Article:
The WaDE data dictionary is a product of a 10-year effort among the western 18 states for an agreed-upon common metadata schema implemented in a data system that is used for sharing water rights and water use data to enable regional analysis that inform policy and planning decisions. WaDE supports the following four fundamental distinct types of water data shared by the member states
- Water allocations (e.g., water rights and permitting data) which includes Points of Diversions (POD) and Places of Use (POU),
- Regulatory and institutional rules at play within states/basins that regulate water use in a specific area.
- Aggregated water budget estimates such as water supply, withdrawal, consumptive use, return flows, and transfers for reporting areas (i.e., geospatial delineations used by the states such as counties, HUCs, and custom delineations) over time as time series.
- Site-specific time series data for (a) reservoir levels and gages flow and (b) water use data reported at POUs and/or PODs for water supply, withdrawal, consumptive use, return flows.
Site-Specific water use the time-series data dictionary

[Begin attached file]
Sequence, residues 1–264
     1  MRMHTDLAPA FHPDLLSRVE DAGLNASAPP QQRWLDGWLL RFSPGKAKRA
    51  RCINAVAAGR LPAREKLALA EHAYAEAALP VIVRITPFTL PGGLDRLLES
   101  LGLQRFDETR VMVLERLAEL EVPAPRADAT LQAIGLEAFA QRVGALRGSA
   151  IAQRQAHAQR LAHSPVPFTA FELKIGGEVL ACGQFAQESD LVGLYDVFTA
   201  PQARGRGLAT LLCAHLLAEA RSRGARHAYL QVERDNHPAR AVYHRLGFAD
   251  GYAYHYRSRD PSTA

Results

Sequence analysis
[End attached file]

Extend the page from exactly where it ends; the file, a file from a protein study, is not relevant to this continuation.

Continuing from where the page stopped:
The U.S. Geological Survey (USGS) Water Availability and Use Science Program is recommending WaDE’s data dictionary in the Data Transfer Guidance for the states who get funding from the Water Use Data and Research (WUDR). We provide the information below to help state agencies understand WaDE’s data dictionary and how to use it in their data sharing with us and USGS.
What metadata does the dictionary include?
This schematic summarizes the key metadata that is required in WaDE for site-specific time-series water use data. The data dictionary is available in this Excel file Data_Dictionary_site_specific_water_data_dictionary_WaDE_08_2021 A template that shows the structure that can be readily used to share data using the dictionary is available for download in this Excel file Template_Site_specific_water_data_dictionary_WaDE_08_2021
How can a state agency use this data dictionary to share their data with WaDE and USGS?
The dictionary lists the required and optional metadata that is needed to interpret water use data and use it for regional analysis. State agencies have the freedom in implementing the dictionary in any way that fits their existing data-sharing systems. Sharing water use data can be as simple as putting it in a Google Sheet file and making it public. States can also use their own custom data-sharing systems. Or they can leverage off-the-shelf solutions such as ESRI ArcGIS Open Data (Oklahoma), Socrata (e.g., Colorado), CKAN (e.g., New Mexico). Once the state agency publishes their data according to this data dictionary, both WaDE and USGS teams will be able to easily import the data into their centralized data systems.
For those who are advanced in database schemas, you can view WaDE’s site-specific data schema here https://schema.westernstateswater.org/diagrams/2_SiteSpecificAmounts.html